The bed was really very uncomfortable: its one of those foam mattresses with massive dents in it from too many bodies sleeping on it. We literally could not get comfortable enough to sleep. We tried the other 3 rooms but they were all in the same condition. The last 4 nights I was sleeping at the bottom of the bed trying to find a spot that had some support. Shame, and then mrb had a cockroach run on him on the last night in bed. I don’t even want to know where else that thing had been up to that point.

In terms of bedding, there was only ONE double sheet to use for a blanket, for both of us. I had to fight mrb for it for a few nights before I eventually tracked one down to use myself.

I think the most annoying thing though was that the locals use the house as their own. They dont have running water or electricity in their shacks which surround this house, so they come along to cook and shower and wash their clothes on the premises at all hours of the night / day. The guys looking after us have keys, so they simply let themselves in whenever they feel like it.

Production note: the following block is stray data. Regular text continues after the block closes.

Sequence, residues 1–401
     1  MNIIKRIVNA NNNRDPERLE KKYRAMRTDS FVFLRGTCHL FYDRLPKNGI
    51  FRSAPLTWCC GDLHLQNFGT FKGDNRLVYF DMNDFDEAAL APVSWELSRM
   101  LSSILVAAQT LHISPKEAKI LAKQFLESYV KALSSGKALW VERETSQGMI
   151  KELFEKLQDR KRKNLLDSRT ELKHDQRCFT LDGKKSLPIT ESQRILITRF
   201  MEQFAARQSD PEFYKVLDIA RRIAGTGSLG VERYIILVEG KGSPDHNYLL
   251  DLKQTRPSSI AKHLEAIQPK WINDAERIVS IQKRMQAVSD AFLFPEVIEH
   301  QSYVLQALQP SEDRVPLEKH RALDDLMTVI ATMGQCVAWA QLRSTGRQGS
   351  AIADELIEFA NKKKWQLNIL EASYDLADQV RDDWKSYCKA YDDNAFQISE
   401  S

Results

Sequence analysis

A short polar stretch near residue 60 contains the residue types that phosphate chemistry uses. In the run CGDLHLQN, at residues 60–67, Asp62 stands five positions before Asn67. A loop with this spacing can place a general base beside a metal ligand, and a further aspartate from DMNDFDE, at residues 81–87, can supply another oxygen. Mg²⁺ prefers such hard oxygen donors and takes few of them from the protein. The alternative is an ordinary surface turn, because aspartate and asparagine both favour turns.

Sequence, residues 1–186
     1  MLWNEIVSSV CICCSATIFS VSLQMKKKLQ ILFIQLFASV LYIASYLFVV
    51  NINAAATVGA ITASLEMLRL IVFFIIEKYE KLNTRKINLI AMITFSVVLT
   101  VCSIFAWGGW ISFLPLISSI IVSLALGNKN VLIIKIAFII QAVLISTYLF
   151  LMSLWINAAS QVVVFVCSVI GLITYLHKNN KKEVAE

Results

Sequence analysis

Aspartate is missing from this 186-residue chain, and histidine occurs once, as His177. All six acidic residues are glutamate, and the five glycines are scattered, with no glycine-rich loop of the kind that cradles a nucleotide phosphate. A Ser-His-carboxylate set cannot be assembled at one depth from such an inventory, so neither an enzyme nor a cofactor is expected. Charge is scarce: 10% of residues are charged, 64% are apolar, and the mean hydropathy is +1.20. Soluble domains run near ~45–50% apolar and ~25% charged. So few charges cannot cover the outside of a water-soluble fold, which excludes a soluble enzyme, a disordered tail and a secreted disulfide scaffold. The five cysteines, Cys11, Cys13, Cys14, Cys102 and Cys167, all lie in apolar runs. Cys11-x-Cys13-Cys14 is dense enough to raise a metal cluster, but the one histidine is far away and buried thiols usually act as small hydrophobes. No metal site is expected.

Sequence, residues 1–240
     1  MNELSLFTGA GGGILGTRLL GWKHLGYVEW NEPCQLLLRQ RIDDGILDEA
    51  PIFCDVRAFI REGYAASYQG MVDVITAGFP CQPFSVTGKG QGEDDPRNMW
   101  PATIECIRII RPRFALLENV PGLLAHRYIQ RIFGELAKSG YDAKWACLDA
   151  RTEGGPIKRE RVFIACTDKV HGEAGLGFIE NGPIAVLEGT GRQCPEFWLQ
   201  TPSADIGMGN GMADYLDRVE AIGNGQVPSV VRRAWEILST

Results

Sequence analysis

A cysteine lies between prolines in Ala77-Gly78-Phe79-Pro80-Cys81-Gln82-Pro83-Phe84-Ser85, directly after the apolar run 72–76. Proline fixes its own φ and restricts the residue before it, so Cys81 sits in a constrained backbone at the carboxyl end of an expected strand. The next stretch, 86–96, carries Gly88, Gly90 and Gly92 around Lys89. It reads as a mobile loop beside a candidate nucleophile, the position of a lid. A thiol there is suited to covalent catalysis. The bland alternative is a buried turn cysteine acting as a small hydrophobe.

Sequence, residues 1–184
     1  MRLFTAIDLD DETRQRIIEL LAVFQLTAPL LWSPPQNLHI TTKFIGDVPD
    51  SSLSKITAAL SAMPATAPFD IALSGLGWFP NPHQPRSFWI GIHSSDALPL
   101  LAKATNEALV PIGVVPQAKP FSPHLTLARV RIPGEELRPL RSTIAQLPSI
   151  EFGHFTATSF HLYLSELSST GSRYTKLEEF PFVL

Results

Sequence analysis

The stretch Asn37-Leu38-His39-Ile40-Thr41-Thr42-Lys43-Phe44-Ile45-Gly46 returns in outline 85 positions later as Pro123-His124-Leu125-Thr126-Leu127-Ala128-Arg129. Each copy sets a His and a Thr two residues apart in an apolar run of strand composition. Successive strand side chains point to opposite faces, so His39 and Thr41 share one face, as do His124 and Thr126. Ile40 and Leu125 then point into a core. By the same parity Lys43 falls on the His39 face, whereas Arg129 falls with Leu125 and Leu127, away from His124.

We woke up in the middle of the night so many times with ppl in the house cooking and showering and using the toilet and banging pots and pans and carrying on, it was actually ridiculous. And when you complain, then suddenly they cant speak English any more.

The water pressure only works when you flick a switch (which only works if there is electricity – which Zanzibar doesn’t have reliably). And when the switch is flicked and the toilet is flushed or a tap opened it makes the scariest blood curdling screaming noise. When you’ve evenutally fallen asleep and suddenly hear that sound, its really enough to give you a heart attack and send so much adrenalin rushing through your body that you have no chance of falling asleep again.

Not the fault of the house owner, but there were also cows-mooing, square-eyed-goats screaming and cocka-fucking-doodle-doos carrying all day and all night. Every day and Every night.